To Yaltah MenuhinFeb. 28, [1939?; prob. Feb. 27]Princeton 

Wishes she were there to cheer a rainy day. Enclosing a letter from Stephen Tennant. At times he lets emotions run away with him. Prefers simple, direct language. English poetry has greater riches and variety than French, but English prose is better plain, with strong emotion kept firmly controlled. Glad to hear she likes Barrie. He can get away with sentiment because he always does it with a hint of a laugh. Was glad to hear from her father and Yehudi on Saturday before they sailed. Sorry she is having respiratory trouble. Suggests she read at night when she is having trouble, to try to take her mind off it. Myra Hess came to tea yesterday and sent her greetings. P.S.: Good that Stephen went to Egypt even if it did cause him to rhapsodize; he needs it for his health. [Tennant was in Egypt in early 1939. That fact, together with the reference to Yaltah's illness, seems to confirm the dating of this letter. On the other hand, the reference to Yehudi's sailing conflicts with the statement that he is in Jaffrey. I conjecture no. 1439 was written later in the day. However, inconsistencies make it unclear.]  Aunt Willa   [Stout #1438]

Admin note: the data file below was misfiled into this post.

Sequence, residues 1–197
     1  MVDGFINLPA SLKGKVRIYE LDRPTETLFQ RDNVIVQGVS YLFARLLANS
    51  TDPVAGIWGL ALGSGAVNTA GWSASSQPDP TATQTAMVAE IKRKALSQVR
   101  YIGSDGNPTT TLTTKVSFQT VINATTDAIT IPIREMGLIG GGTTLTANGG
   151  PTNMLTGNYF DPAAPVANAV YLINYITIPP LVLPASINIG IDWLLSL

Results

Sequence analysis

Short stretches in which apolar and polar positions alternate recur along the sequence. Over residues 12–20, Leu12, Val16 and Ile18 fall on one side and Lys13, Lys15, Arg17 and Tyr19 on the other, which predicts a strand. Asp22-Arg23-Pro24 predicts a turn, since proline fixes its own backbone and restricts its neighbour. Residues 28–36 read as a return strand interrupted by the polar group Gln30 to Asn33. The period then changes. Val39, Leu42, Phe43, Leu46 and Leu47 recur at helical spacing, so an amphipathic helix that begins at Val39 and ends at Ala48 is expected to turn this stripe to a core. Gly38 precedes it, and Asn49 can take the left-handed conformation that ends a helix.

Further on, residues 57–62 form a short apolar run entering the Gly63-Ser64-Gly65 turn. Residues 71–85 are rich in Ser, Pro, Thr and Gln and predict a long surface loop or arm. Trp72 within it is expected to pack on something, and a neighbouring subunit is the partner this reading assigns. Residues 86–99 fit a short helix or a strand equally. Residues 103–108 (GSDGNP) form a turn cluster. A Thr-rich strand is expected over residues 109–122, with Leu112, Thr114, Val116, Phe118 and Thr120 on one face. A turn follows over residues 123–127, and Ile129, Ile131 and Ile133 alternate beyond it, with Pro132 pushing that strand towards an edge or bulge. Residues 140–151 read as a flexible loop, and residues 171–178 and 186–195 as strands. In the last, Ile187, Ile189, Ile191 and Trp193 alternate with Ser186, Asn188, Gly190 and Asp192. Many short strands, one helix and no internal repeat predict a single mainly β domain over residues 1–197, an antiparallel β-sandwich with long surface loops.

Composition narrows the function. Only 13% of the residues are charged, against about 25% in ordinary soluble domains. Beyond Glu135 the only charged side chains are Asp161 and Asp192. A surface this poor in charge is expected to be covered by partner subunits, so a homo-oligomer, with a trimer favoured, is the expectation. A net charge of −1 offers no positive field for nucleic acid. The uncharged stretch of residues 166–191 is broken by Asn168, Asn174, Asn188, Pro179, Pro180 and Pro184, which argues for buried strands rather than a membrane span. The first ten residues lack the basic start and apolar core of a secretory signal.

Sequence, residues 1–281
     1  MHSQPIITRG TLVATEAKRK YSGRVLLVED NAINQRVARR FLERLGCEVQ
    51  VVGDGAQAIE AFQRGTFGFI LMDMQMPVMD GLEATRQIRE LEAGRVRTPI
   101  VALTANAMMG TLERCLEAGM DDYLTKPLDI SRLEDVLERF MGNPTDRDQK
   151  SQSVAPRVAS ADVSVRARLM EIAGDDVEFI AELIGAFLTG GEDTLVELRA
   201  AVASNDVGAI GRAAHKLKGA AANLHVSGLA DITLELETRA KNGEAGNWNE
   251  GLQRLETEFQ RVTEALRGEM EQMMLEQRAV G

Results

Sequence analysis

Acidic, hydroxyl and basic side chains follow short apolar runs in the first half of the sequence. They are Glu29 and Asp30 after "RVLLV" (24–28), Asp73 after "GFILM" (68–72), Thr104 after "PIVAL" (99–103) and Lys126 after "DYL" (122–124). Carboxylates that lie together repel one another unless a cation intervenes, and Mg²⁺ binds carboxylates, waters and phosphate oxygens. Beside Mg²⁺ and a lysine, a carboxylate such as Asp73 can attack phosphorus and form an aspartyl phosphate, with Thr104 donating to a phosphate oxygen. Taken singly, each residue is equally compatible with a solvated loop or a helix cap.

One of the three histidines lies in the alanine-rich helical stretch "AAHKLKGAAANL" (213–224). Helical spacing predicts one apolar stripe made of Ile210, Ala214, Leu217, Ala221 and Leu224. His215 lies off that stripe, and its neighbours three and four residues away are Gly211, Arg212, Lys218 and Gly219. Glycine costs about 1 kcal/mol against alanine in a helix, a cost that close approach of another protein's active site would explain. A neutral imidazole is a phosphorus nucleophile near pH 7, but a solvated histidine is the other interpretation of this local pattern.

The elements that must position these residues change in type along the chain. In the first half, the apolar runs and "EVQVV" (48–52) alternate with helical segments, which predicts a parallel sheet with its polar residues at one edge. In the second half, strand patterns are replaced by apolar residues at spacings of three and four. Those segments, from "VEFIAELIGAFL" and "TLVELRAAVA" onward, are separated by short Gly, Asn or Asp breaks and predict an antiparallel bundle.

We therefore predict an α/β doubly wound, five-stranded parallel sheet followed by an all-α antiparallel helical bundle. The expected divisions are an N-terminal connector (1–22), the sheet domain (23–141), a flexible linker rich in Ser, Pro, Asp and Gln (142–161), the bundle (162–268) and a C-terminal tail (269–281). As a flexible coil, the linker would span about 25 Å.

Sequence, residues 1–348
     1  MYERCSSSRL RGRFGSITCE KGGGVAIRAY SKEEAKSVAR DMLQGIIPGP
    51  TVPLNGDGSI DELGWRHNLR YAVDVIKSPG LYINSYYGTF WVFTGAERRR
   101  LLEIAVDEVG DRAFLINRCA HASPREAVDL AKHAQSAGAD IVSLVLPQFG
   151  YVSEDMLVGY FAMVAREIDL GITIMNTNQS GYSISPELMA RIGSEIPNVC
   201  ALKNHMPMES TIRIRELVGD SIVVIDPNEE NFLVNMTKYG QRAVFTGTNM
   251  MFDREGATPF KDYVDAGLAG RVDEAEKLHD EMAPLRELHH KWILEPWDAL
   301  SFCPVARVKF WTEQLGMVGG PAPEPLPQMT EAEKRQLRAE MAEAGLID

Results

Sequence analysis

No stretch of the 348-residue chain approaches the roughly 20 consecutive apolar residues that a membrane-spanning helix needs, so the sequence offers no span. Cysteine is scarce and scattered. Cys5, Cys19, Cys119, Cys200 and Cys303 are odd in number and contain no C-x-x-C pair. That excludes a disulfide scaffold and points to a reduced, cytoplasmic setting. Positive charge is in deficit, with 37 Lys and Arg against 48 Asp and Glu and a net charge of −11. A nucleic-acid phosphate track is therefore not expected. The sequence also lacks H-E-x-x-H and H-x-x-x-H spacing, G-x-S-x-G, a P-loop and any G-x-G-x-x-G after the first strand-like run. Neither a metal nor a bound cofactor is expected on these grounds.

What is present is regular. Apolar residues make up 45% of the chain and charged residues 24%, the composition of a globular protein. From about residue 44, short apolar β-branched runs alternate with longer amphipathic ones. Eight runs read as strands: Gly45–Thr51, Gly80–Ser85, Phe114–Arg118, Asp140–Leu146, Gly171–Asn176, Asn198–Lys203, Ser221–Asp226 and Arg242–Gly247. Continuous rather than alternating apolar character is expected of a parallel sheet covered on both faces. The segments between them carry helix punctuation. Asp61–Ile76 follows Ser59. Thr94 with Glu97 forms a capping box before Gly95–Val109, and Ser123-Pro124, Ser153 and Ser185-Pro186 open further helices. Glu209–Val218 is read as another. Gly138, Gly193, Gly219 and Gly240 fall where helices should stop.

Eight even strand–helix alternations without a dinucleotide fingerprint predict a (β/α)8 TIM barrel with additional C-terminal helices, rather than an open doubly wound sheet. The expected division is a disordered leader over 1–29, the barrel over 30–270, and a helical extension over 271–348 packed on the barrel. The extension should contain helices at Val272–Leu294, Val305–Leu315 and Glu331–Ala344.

To Yaltah Menuhin,  Monday night [Feb. 27, 1939, pm. Feb. 28, 1939] , from New YorkPrinceton 

Has heard from her mother that she has bronchitis. Is enjoying the miniature orange tree she sent. Yehudi is in Jaffrey enjoying the snow and the mountains [?—see #1438]. Mozart once wrote, "Happiness? That is in the imagination"—may mean that happiness is not real or may mean that only people with imagination can be happy. Real seeing, like real happiness, is inward. Now will use imagination and think of Yaltah as being well.   Aunt Willa   [Stout #1439]